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Artificial Intelligence at Citibank – Current Initiatives

Niccolo Mejia

Niccolo Mejia covers AI applications across industries at Emerj. He holds a bachelor's degree in Writing, Literature, and Publishing from Emerson College.

Artificial Intelligence at Citi - Current Initiatives

Banks and other financial institutions can be tight-lipped about how they implement AI technologies within their businesses. Citi, however, has been relatively open about their current AI initiatives. Since 2017, they have published press releases and other announcements of AI initiatives that are both internal and customer-facing.

In this article, we cover three of Citi’s AI initiatives and explain how they work:

  • Document Digitization: Digitizing paper forms for a risk analytics platform.
  • Customer Service Chatbot and Mobile App: Citi’s mobile app that features a conversational interface for customer service and account inquiries. 
  • Fraud Detection: Leveraging Feedzai’s anomaly detection platform for more accurate risk management.

Document Digitization

Citi announced a collaborative project with Ernst & Young (EY) and SAS to leverage AI for an advanced risk analytics scoring engine. The initiative is intended to help streamline the manual processes required to review large amounts of global trade transactions while keeping regulatory compliance intact.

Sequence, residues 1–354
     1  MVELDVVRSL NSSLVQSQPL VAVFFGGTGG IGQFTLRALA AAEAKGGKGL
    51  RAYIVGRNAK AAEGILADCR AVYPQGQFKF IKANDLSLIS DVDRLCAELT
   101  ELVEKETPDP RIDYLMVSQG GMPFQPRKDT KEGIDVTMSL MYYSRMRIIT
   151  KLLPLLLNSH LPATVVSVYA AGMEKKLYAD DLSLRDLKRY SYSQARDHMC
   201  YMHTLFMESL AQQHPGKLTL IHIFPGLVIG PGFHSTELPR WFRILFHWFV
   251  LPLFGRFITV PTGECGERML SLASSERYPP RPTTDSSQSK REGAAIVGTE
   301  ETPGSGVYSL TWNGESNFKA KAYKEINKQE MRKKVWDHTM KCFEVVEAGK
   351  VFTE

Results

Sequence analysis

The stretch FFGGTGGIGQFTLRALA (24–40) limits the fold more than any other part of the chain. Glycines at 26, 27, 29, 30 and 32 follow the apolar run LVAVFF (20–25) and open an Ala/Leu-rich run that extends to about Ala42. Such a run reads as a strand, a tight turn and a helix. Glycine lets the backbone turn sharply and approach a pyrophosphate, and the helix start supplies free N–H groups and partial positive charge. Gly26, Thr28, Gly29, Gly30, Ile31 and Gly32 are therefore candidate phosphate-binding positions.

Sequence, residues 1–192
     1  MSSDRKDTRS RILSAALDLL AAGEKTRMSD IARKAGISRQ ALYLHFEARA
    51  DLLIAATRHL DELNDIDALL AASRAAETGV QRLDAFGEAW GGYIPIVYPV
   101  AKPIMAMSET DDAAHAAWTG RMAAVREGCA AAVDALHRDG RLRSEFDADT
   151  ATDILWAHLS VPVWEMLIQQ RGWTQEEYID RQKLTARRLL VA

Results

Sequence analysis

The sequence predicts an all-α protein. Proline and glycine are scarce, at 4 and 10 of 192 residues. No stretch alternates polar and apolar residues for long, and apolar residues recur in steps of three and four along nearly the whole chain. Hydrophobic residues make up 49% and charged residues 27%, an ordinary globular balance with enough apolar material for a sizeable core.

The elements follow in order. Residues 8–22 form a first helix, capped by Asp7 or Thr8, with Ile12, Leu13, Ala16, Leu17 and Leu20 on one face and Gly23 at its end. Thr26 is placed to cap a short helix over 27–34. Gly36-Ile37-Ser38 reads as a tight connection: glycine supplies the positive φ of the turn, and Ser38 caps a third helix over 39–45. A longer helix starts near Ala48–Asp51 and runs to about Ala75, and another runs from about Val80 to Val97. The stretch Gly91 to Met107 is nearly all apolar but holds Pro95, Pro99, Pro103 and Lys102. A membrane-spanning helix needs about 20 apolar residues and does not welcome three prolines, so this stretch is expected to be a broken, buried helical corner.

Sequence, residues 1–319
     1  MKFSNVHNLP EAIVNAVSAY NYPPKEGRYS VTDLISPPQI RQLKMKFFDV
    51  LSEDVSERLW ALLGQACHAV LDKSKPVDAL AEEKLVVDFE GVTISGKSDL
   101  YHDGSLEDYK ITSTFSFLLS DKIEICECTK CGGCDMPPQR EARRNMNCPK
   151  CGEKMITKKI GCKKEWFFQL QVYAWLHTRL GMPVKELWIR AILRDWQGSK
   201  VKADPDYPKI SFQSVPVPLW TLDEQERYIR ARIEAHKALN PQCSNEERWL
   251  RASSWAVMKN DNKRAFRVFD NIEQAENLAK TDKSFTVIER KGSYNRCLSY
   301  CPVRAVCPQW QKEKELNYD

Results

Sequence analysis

Citi Global Trade has been progressively digitizing its platform. Part of this involves digitizing millions of trade-related documents each year using an optical character recognition (OCR) component which likely involves machine vision.

In order to create an AI-powered document digitization application, Citi would need to leverage natural language processing (NLP) and machine vision. This would allow the application to automatically recognize each character and copy them into a digital version of the document. The document could then be searchable with an NLP-based enterprise search application.

Customer Service Chatbot

In 2018, Citi released its first chatbot, called Citi Bot SG, for Facebook Messenger in Singapore. The chatbot was available for all consumer banking customers after a beta testing period involving 600 customers and employees. While the initial release was for Singapore customers exclusively, Citi claims they will be rolling out the chatbot for other markets such as North America and parts of China

The company claimed Citi Bot is able to help customers with a variety of needs, such as account specific questions like account balances. This also includes inquiries about recent transactions, bill summaries, and reward point balances. In order to leverage natural language processing (NLP) with this kind of conversational interface, Citi would need to develop an ML model trained on hundreds of thousands of customer service questions and their correct responses. 

Once the model and the NLP software are combined, the resulting chatbot may be able to offer “intuitive” answers to customer questions, as Citi states. An intuitive answer likely is one that the chatbot delivers in complete sentences that are intended to give the customer the feeling that a real person is sending them the message.